This may come as a shock to purists but the cinema does not have armchairs. Instead, there are tables and chairs: in front is the screen, behind is the bar, which serves appetizing dishes prepared by the restaurant occupying the top of the hill together with the cinema.
A single screening, at 8.15 p.m. but the doors open at 7 and spectators/diners thus have plenty of time to enjoy supper before the show.
Obviously the cinema is digital: whilst "different" from its competitors, the Theaterstadel wants to be able to offer its customers a selection of the latest titles. Together with the restaurant "Wirtshaus am Gehrenberg", it has succeeded in creating a sort of "commensal marketing", an effect of reciprocal encouragement to consumer buying achieved by combining different business activities, which is the typical formula of the shopping malls, where the public can shop, eat and go to the cinema.
And which - it seems - works even on a little hilltop with a view.
NOT ONE LESS
by Elisabetta Galeffi
The process of digitalization in cinemas, albeit with considerable differences from territory to territory, is reaching its final phase and the so-called "switch-off" for traditional film appears to be imminent. But which cinemas have not yet converted to the new technology? And why? This column has been opened to find answers to these questions, presenting portraits of cinemas in Europe that have not yet digitalized or that are still looking for a way to deal with the shift.
No. of screens
2 + 1 open air
Eden - Arezzo
Once upon a time there was "The Cinema" in Arezzo: the Eden located in a surviving piece of the old city walls and consisting of an open-air space for summer screenings and two inside theatres for the winter, as well as the bar on the artificial lake, where it was possible to sit and chat. All a little old-fashioned, like the conversations. Programming that included fine arthouse movies, often impossible to find anywhere else. A place for real cinema buffs: the ones who are capable of staying outside in the cold and ice for hours commenting on the direction, the plot, how good the actors were. The Eden, rather like New York's Paris cinema.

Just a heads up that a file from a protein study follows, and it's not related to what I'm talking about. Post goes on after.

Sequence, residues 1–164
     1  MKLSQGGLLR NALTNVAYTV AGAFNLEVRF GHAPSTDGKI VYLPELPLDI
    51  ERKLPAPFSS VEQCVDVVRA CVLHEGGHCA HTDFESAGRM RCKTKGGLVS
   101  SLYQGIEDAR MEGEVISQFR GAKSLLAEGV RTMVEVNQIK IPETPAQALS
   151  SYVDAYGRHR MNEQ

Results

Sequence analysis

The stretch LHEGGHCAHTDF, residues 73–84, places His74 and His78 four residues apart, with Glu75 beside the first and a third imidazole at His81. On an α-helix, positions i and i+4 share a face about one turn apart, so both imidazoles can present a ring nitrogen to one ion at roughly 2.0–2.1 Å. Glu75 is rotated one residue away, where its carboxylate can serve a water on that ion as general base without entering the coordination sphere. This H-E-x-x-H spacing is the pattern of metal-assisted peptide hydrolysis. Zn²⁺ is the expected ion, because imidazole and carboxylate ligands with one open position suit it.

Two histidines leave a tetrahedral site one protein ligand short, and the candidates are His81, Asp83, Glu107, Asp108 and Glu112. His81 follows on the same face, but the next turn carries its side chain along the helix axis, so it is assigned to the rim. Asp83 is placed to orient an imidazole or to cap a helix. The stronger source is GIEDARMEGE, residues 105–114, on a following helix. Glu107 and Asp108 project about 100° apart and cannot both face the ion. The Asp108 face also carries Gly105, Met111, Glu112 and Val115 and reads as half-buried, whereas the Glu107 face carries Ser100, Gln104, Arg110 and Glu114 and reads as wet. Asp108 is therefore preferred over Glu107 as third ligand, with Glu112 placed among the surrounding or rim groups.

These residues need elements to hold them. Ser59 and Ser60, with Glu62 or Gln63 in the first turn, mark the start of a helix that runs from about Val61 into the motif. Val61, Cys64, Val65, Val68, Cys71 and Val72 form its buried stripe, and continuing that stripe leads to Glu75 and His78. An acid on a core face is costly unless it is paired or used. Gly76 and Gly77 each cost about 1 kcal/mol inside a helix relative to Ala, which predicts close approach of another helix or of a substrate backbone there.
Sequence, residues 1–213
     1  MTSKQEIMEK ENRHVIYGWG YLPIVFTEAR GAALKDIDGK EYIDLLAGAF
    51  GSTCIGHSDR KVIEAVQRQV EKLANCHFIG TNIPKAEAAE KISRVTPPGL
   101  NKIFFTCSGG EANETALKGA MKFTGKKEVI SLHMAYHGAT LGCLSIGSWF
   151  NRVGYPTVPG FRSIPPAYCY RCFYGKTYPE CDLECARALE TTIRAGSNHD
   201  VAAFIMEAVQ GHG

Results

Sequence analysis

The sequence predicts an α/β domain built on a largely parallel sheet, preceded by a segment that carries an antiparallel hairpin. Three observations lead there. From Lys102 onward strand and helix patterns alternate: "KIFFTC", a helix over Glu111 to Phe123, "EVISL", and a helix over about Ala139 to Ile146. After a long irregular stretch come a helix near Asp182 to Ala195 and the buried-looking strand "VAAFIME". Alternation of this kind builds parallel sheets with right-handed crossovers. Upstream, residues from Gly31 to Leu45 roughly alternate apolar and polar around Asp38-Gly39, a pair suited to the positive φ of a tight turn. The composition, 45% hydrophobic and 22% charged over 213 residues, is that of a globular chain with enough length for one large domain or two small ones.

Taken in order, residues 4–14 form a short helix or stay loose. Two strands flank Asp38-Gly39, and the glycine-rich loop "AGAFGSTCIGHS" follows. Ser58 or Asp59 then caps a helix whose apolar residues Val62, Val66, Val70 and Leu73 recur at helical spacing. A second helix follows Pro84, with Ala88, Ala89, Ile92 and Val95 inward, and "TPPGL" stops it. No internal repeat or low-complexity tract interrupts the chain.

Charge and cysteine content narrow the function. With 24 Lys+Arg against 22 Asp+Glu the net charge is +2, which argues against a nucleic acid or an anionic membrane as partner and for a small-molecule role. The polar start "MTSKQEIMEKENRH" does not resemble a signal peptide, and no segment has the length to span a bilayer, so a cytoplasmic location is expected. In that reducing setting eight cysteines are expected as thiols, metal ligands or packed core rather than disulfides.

With some differences, one of which fundamental: in New York they don't close, in Arezzo the hour has come. On 4 May the Eden, the town's last cinema, gave its goodbye screening.
It will no longer be possible to decide at the last minute to go and see a film, because the cinema's just round the corner. No more night owls going out not to have a beer on the street or to an amusements arcade but to walk to the cinema. Those who are a bit out of date and don't even need a giant packet of popcorn to dip into while they're watching a film.
Fine, "throw us on the scrap heap", us cinema lovers. It won't be easy for people like us to get used to the slavery of having to get the car to go to a multiplex outside town, obliged to arrive on the dot and sit in a numbered seat, perhaps next to a kid who's stuffing himself with junk food.
Will we forget the magic of the cinema? Perhaps not, but we'll certainly go far less frequently. Multi-screen cinemas are modern, comfortable but lacking in charm.
I'm not the only one of this opinion. A lot of people in Arezzo have tried to keep the Eden alive. They even opened a page on Facebook called "the Eden cinema must not die" and were flooded with messages of support. But it seems that the voice of the citizens doesn't count.